I remember the first time I was introduced to Dirk Willems: the Anabaptist who escaped and then turned back to rescue his persecutor who was drowning, got caught again, and later was burned to death. When John Driver, one of my history professors at Goshen College told me the story for the first time I thought, “What a fool!”, and to me, even more foolish were the Anabaptists and Mennonites who thought he was a hero for turning back and rescuing his enemy. However, after revisiting Dirk’s story time after time, I made a correlation between Dirk’s actions and Jesus’ message of how the Citizens of God’s Kingdom were to treat enemies (Matt 5:38-48). Dirk’s “foolish” reaction made a lot of sense.
The decision to go to Arizona has been like walking over thin ice for our church body. Perhaps it seems foolish to go to a place so unwelcoming, that is so hot in mid-summer, and where we can get burned – literally! However, our Anabaptist history and theology is deeply rooted in seeking justice and promoting peace in centers of struggle, and Phoenix, being one of the present centers of struggle, will allow us to rethink our allegiances at this point in time. Going to Phoenix is an invitation to revisit and reclaim once again who we are as Anabaptists and Mennonites in the 21st century, and where our loyalties are in the midst of so much socio-politic-economic instability. I believe Phoenix is an opportunity to revisit and practice upside-down Kingdom theology as a body, and put into practice our missional statements.
I have been in Arizona three times in the past six months. Walking in the streets and desert of Phoenix and Tucson, I have envisioned many witnessing activities that will reflect our “hunger and thirst for righteousness”, and that will speak to the injustices that our immigrant brothers and sisters in AZ, and across the country, are facing. I’ve also envisioned with excitement acts of service – hand in hand with local congregations and partners under the Phoenix sun – that will help restore hurting communities, build bridges and invite Arizonans to experience the foolishness of the Gospel!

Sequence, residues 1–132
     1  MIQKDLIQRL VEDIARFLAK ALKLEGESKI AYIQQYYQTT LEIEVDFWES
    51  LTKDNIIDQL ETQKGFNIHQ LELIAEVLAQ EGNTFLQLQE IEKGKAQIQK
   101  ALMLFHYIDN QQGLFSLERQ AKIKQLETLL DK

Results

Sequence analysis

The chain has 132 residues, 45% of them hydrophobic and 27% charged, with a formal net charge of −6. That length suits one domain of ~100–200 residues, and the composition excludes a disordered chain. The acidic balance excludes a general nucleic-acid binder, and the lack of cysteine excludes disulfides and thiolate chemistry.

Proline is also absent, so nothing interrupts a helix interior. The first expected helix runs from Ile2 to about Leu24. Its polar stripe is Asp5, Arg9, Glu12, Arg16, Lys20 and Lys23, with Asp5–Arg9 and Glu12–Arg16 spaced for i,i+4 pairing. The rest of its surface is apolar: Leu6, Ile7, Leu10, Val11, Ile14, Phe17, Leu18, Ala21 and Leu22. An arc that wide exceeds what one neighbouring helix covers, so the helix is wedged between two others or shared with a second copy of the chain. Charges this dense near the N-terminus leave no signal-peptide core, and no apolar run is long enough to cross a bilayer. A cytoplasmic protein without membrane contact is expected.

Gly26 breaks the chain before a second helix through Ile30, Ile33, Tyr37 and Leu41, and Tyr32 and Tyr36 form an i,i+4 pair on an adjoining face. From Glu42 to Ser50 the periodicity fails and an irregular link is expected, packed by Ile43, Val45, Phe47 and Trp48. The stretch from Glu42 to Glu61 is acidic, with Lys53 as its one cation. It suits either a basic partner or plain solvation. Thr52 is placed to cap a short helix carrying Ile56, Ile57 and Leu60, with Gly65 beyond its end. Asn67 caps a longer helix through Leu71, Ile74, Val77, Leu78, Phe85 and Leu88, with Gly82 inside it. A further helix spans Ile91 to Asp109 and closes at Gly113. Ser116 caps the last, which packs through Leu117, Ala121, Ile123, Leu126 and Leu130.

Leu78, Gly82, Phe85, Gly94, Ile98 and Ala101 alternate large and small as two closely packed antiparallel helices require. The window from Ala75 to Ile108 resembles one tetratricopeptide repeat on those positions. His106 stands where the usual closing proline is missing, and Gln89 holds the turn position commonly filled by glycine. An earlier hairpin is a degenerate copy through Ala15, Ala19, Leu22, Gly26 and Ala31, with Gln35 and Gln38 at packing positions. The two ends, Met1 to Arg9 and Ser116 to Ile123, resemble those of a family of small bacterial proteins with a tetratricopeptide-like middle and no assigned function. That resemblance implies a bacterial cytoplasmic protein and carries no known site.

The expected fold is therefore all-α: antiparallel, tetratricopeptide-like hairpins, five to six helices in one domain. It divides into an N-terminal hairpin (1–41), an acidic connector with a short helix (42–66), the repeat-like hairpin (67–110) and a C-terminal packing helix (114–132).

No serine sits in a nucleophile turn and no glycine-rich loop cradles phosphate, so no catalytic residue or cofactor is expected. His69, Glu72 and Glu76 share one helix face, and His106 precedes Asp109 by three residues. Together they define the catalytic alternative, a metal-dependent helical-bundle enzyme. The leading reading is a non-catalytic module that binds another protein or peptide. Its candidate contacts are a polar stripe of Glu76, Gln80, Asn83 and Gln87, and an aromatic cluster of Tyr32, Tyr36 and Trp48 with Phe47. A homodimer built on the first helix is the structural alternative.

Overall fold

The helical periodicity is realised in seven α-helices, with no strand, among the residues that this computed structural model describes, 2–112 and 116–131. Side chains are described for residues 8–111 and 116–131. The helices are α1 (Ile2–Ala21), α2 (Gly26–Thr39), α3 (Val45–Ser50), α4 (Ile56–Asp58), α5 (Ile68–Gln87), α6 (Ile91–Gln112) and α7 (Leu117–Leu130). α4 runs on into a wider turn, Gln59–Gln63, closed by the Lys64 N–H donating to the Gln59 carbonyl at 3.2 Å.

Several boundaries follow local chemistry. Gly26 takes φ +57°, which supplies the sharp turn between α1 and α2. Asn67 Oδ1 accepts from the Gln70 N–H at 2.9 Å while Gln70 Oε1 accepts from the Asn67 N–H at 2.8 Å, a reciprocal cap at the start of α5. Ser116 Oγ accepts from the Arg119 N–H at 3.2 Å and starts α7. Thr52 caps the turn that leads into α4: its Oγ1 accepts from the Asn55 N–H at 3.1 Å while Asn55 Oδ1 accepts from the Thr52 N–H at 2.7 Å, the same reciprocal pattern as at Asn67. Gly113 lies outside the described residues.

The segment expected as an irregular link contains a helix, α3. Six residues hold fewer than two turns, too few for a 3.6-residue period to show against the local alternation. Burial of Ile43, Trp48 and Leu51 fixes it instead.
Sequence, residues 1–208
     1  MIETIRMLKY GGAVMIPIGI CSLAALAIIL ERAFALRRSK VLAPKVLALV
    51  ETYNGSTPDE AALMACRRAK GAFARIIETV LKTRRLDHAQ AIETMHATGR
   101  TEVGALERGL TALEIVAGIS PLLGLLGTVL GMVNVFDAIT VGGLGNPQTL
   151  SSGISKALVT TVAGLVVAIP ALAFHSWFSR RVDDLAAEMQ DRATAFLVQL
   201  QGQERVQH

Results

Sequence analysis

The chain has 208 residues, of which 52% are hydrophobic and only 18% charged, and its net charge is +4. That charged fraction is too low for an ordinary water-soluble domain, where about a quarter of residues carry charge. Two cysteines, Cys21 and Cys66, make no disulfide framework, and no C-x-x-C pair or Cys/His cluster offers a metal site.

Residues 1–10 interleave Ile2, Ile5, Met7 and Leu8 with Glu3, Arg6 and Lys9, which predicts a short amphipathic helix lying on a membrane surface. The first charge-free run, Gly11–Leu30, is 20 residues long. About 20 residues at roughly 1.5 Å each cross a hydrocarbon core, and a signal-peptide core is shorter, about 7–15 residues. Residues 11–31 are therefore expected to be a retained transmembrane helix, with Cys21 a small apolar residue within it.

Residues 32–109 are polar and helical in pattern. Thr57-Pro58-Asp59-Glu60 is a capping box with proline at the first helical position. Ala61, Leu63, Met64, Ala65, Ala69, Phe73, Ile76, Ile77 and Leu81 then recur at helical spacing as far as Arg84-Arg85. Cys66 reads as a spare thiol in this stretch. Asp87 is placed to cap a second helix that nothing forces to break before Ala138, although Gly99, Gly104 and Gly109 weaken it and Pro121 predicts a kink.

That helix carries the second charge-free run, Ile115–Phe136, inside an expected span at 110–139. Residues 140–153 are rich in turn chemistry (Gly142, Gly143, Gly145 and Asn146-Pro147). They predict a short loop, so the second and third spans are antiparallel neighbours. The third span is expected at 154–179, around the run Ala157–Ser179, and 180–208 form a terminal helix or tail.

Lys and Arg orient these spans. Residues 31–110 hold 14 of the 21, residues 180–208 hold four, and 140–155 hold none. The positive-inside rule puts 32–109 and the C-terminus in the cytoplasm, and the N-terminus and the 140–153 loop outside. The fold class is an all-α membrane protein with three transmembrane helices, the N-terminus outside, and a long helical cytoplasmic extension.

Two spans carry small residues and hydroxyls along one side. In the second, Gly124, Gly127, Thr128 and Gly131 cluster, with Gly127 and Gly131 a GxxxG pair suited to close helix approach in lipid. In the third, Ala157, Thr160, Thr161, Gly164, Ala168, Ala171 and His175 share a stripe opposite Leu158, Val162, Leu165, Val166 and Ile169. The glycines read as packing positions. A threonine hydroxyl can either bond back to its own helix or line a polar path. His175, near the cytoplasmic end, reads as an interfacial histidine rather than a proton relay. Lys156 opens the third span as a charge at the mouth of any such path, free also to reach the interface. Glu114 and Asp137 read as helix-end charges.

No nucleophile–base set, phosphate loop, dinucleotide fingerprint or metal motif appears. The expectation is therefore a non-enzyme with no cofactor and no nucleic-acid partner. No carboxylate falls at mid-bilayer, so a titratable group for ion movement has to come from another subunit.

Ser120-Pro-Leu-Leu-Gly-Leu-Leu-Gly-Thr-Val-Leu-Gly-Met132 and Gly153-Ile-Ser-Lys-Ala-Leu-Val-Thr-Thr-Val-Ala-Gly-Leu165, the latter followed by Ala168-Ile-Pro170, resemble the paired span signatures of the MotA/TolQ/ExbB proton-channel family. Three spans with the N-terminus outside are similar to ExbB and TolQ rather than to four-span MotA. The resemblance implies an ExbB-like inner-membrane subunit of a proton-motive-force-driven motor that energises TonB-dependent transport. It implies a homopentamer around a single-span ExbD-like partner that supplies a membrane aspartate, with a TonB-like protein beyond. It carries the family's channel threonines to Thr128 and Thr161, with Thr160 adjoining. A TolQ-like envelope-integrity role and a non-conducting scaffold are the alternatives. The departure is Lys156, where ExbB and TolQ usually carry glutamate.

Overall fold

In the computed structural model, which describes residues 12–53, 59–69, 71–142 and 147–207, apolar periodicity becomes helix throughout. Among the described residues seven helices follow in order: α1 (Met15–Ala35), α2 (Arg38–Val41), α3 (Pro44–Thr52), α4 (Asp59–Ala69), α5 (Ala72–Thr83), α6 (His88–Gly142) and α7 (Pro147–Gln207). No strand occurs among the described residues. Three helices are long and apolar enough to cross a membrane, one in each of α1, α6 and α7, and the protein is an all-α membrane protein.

As an immigrant myself, talking about immigration issues in Phoenix will be important. But I have learned from my friends in AZ of many other issues they are facing: AZ is blessed with a large number of reservations and native people. There is need for justice and grace where there has been such a history of disgrace, displacement, and injustice. In a desert, issues of the consumption of resources – like water – are huge, so we will need to watch our water consumption! Enormous wildfires and parching drought have brought many environmental issues. Unemployment and social hardships are constantly increasing. Racial injustice and marginalization is widespread. I hope we can learn, educate, and speak to all these issues as well.
Needless to say, as a Hispanic Mennonite and as an immigrant, I will miss my brothers and sisters who are undocumented and will not be able to
attend from our congregations. I hope my brothers and sisters who have documents and privilege will join us as we carry the suffering for those who cannot come, “because we know that suffering produces perseverance; perseverance, character; and character, hope” (Rom 5:3-4) – a hope much needed in our immigrant congregations. I will also miss those who are from all our Mennonite ethnic/native groups and cannot attend due to immigration issues, economic hardships, and other issues of privilege which affect us, but I hope that our conversations about going to Phoenix and our time there will allow us to increase their participation in the future.
I can’t wait to be in Phoenix 2013 and to claim a citizenship like no other: one that claims that the earth and everything in it is the Lord’s and destroys all barriers and walls of hostility. It is my hope that as fellow citizens from near and far we will find the perseverance and character to extend grace in the centers of struggle with hope – even if it looks like foolishness to be “Citizens of God’s Kingdom”.
Saulo Padilla currently attends Iglesia Menonita del Buen Pastor in Goshen, IN. He has served in this congregation since 2001 as musician and is currently a part of the church council and leadership transitional team. He is originally from Guatemala, became a Mennonite at the First Hispanic Mennonite Church in Calgary when he immigrated to Canada in 1986, and is currently applying for permanent resident status here in the U.S.